Okay, Ryan is making me put in a disclaimer that I acknowledge how seemingly nonsensical that title of this weeks post is. It was originally “Lefse comb”, which might even be more confusing, even for those familiar with the Norwegian treat.
Lefse, for the poor souls that haven’t had it warm rolled up with butter and brown sugar, is a traditional Norwegian flatbread, made with potatoes, and cooked on a griddle. I am not Norwegian, but I have several aunts that are, and they made stacks and stacks of them around Christmas time each year.
Growing up in Minnesota, you could buy lefse in the grocery store (or sweet talk your aunts that made enough to freeze every holiday season). I then went to a Norwegian college in Iowa, where you could buy them as street food during summer festivals. But only a few hours away in Illinois, lefse is nowhere to be found. My mom took pity on me last Christmas and got me tools to make my own lefse – a griddle, lefse sticks (for moving rolled rounds of lefse) and a corrugated rolling pin.
The corrugated rolling pin is the devil. Even experienced lefse makers find it unforgiving, but as a novice, it was a mess. If the lefse dough isn’t just right, it’s sticky. If the rolling pin isn’t floured just right, the dough works into the crevices. From here, it sticks to any lefse you try to roll out. If you leave it too long, it hardens into a rock. Between my first attempt at dough making and my less than optimal pin flouring, I spent hours picking dough out of the grooves (and Ryan spent hours more once I’d had enough.)
After a recent trip to MN, I had the hankering to make another batch of lefse. I could see the apprehension in Ryan’s eyes when I even mentioned it – so I set about devising a way to clean out the little grooves in the rolling pin before it became a problem.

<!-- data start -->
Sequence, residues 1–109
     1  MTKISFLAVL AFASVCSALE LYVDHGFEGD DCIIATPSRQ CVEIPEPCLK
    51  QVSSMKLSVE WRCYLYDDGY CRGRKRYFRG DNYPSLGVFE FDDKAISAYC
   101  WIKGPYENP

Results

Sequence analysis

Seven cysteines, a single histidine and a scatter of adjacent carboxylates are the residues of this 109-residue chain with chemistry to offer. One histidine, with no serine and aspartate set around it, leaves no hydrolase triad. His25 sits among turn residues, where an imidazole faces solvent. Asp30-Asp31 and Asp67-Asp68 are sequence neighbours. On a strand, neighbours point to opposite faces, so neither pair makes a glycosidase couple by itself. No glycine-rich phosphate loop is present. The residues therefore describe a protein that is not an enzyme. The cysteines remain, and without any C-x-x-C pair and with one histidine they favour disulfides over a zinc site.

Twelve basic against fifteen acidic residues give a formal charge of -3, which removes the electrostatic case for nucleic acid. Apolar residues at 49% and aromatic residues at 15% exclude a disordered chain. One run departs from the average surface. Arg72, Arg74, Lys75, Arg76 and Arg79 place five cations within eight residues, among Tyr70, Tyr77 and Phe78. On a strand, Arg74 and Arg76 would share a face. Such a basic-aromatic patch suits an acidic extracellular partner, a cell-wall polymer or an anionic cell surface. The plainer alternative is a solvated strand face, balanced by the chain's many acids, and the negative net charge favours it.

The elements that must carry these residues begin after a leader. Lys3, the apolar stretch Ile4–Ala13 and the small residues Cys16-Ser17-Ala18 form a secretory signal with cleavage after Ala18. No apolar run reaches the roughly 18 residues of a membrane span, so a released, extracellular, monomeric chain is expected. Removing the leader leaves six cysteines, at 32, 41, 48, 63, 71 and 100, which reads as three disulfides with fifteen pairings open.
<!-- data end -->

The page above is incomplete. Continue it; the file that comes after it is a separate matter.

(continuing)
A comb was the best option, as it would be easy to grab with doughy floury hands, and I could sweep out several grooves at once. The grooves are triangular, roughly 2mm wide and 2mm deep at the point, between 2mm plateaus. I made a comb wide enough to cover 12 grooves, so it will take about 5-6 passes to clean the entire pin. I felt making it longer would make it unwieldy, and the dough seemed to stick in spots anyway, not across the whole surface.
The first comb was made out of bamboo, thinking wood on wood would be the best solution. What I didn’t take into account was the pin itself is hardwood, much harder than the bamboo ply. The little teeth started splitting, which was no good.
Second attempt was made from acrylic, which has more strength than the bamboo, but shouldn’t damage the hardwood. It’s quite satisfying to run it through the grooves and should do the job perfectly. It’s time to fire up the griddle – lefse anyone?
Many thanks to Ryan for all the excellent photography this week!